Wednesday, February 20, 2008

Pointing out the gendered electronic environment, this week’s readings emphasize the power of technology to heighten and possibly mitigate existing ideologies and cultural binaries. Laura Sullivan’s “Cyberbabes” reviews influential feminist theories that explore and reveal the objectification of the female image and websites that invite men (and women) to participate in this process. Her own experience with the “long hair” website demonstrates that the social construction of gendered identities and roles continues unabated if not assisted by the internet, which should come as no surprise, but the details of appropriating images opened my eyes to the different e-encounters gender enjoins. The gender gap is not only in the number of users, but in the different way that men and women use and are used by the Internet. The “gap” is still there (check out this Pew Study from 2005 ), but it continues to be viewed as a numbers contest and not a description of systemically enforced gender identities as such.

I was moved by Sullivan’s desire to communicate with her male audience, in spite of the difficulties and frustrations, and I found her conclusions about the need to contextualize “a materialist view of technology” in the classroom compelling. Helping students to realize the potential pitfalls of identity formation can offer a platform to discuss long-standing and newly emerging sexism on the Web.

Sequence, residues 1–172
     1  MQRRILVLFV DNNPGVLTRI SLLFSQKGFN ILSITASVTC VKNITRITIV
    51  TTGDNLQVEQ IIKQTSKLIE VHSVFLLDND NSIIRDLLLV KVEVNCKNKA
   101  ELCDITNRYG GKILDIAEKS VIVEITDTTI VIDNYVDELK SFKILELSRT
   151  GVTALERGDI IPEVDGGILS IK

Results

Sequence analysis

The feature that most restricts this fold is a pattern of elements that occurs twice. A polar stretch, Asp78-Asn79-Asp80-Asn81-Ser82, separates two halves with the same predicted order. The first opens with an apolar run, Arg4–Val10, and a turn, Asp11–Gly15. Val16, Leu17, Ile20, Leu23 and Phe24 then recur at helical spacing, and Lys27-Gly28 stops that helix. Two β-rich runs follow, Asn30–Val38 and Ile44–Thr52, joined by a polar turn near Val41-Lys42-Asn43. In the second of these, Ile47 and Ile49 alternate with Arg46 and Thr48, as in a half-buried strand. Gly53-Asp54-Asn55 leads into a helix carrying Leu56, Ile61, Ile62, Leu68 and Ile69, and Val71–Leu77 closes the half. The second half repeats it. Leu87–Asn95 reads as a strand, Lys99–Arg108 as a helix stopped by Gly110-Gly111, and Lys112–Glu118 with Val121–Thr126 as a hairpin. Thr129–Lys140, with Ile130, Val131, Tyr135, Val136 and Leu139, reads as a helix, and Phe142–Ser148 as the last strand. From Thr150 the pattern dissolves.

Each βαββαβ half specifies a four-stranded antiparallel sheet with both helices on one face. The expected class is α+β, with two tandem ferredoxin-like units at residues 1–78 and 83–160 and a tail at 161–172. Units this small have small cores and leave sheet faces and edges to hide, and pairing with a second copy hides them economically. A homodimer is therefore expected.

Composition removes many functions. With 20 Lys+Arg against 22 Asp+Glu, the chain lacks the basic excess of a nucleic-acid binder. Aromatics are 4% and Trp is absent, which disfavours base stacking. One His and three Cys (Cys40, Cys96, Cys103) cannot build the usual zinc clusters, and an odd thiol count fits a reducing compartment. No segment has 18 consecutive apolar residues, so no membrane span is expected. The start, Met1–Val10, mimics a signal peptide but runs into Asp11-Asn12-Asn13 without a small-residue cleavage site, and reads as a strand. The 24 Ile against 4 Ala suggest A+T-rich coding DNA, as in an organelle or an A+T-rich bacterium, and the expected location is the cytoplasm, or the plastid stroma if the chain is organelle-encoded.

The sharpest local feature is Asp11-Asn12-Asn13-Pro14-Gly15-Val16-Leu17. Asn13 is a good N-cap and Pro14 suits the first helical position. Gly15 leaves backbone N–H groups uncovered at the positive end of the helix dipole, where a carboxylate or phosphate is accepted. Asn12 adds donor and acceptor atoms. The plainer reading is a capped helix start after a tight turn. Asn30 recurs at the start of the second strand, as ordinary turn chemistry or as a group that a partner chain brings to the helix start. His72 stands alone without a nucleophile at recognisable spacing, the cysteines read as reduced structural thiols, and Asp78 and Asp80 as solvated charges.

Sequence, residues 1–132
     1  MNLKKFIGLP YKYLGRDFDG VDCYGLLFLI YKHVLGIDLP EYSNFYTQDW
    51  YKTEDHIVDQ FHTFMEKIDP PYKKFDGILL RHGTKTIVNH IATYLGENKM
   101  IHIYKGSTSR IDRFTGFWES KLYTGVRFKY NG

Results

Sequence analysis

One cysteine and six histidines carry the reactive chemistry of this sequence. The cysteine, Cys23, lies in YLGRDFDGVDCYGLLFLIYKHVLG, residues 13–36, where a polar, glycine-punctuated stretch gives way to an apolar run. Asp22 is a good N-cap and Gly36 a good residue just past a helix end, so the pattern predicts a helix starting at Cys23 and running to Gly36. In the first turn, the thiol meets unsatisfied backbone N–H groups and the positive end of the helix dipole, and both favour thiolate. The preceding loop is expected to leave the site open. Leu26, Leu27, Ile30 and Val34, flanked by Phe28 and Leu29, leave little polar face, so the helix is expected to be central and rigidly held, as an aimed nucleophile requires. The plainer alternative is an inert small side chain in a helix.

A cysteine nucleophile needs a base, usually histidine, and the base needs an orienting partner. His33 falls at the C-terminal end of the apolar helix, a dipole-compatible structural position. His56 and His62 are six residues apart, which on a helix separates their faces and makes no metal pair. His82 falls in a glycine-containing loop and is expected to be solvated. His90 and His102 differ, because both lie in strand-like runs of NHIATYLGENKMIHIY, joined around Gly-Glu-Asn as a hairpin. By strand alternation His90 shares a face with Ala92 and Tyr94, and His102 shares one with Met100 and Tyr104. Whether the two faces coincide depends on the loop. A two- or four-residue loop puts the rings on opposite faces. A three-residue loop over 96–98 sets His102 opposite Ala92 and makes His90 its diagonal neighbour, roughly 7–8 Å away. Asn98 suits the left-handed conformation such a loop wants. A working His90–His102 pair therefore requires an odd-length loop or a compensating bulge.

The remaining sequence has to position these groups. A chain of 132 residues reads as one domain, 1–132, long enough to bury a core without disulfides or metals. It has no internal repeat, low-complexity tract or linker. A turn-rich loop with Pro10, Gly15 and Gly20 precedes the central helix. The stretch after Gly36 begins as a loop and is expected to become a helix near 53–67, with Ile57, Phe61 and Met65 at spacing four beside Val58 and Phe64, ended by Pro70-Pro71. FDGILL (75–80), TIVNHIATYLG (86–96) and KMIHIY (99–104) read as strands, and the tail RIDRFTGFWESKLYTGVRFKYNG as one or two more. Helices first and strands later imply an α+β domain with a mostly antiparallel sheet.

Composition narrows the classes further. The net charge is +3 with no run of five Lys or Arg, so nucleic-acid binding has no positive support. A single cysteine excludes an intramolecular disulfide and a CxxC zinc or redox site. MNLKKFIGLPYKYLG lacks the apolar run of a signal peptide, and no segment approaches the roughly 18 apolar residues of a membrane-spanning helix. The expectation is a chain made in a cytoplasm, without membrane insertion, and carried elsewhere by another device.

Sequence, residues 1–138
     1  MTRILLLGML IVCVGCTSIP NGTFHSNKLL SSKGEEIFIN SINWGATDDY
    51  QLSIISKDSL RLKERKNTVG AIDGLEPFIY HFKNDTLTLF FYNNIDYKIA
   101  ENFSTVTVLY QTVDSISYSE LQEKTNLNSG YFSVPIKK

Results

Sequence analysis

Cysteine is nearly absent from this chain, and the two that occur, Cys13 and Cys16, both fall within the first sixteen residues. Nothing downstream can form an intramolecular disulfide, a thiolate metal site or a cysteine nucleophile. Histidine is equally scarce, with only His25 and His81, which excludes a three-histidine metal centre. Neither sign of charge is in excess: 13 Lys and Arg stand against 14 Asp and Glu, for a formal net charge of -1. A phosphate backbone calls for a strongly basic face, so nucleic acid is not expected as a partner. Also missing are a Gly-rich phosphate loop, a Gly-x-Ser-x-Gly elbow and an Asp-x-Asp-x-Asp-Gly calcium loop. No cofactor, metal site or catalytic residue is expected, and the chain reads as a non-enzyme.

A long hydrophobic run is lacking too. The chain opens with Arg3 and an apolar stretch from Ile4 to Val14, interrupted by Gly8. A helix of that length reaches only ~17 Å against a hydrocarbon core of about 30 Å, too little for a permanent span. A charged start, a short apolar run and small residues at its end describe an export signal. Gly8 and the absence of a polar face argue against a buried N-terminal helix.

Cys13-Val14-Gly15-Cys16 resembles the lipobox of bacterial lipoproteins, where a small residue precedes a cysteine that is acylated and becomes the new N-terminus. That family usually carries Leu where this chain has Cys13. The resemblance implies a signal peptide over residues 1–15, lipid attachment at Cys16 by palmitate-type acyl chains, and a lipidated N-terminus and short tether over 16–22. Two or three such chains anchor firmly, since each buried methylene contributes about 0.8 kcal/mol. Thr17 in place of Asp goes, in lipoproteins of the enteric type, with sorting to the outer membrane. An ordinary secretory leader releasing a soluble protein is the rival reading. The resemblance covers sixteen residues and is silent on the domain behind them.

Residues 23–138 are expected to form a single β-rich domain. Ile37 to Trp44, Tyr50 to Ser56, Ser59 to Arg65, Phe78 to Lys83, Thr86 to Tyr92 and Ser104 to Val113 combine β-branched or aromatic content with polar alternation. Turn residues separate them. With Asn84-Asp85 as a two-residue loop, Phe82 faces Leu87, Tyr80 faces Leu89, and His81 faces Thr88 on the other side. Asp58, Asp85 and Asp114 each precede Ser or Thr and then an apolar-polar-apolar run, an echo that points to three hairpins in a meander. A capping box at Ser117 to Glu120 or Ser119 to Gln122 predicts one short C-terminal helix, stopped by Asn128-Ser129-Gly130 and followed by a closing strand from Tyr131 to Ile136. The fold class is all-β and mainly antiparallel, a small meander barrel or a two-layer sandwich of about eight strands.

Hawisher and Sullivan propose that maybe with more women internet users, the nature of the Web can change, but it does not seem to be case. The Web, like the universe, expands outward, so this means sexism and counter-sexism will exists side by side. New liberatory (Check this Women's Resource's page out) and sexism as usual will proliferate, but unfortunately, I don't see the kind of reaching out and changing from the inside that Laura Sullivan seems to point to.

1 comment:

kristin said...

"Helping students to realize the potential pitfalls of identity formation can offer a platform to discuss long-standing and newly emerging sexism on the Web."

It's funny, I looooved these articles when I was in grad school but going back to them again left me feeling a little flat. I think, in a lot of ways, I now think "ok, yep, sexism exists on the web--I know it, they know it, but what are we going to do about it? And do students even think it's a problem?" Generally, I find students don't think it is a problem, which is always mystifying to me but maybe in their world it isn't...I just don't know.

I think, moreso, what troubles me a bit with my teaching is trying to figure out to what degree it's my job to get students questioning and considering social inequities. Clearly I don't want to ignore them, but I'm never sure where my responsibilities lie.

What I DO know though is that when I ask students to engage with technology for class that I need to pay attention to the ways in which sexism/racism/classism/homophobia all manifest themselves within and through these spaces. I can't embrace technology as clean slate from which to teach, it comes entangled with the shit of the everyday.